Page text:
Prostrate-Night Urinating Problems/Symptoms(Autonomic)

Posted , 7 users are following.

I have had problems with urinating.  I have to go several times a night and I'm lucky if I can get 1 0z out-with the attendant problem most times that I cannot go right away.

  So far-this description is fairly typical of common problems with this condition.  But what I am about to describe is atypical so I thought I'd share.   My alarm system that tells me I have to go includes both a feeling in the bladder but also profuse sweating from the waist up to the point where my top(T-shirt) gets totally wet and my mouth goes dry-I mean totally dry.

  I had already posted once on this forum if anyone experienced these same very unpleasant symptom, and there was no response.  I also got a referral to Board Certified Urologist.  Ihave Type 2 diabetes and I asked the Urologist the following question.  The question was: Have you ever had a patient who had the sweating symtom and susequent really unpleasant dry mouth when I felt the urge to go.  His answer was "NO".  His diagnosis was my Type 2 diabetes aggravated my over-active bladder & prescribed oxybutynin.  For my condition it should NEVER be prescribed as is shown in the link I have provided.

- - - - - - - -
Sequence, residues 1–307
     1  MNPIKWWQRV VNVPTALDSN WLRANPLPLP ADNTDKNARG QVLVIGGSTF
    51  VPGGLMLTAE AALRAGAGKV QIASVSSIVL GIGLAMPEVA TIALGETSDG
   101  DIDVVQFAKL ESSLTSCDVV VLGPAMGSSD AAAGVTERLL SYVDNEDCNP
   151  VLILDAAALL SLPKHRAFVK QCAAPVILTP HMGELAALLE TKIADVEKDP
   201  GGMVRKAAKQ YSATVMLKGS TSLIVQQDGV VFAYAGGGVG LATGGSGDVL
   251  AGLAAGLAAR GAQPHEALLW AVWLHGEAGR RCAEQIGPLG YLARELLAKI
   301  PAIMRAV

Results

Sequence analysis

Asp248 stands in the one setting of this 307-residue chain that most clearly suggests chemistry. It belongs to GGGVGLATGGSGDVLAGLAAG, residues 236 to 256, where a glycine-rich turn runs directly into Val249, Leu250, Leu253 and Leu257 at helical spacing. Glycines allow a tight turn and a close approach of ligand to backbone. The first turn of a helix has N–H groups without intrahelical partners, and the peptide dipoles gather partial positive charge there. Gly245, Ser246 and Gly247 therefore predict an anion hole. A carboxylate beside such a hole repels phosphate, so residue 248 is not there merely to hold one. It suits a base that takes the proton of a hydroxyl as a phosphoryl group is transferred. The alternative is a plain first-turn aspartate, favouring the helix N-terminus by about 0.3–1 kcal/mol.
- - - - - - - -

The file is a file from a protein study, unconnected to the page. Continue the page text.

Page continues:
My other post to this forum about these symptoms, as I mentioned, went unanswered so I thought my condition was rare or peculiar.   A fairly good Google search on night time over active bladder yield little if nothing  on my problems.(I should mention;my problem ONLY shows when I'm lying down(supine position)   There is practically nothing(zero) on thne Internet EXCEPT for this which was a bull's eye:

http://www.dana.org/Publications/GuideDetails.aspx?id=49997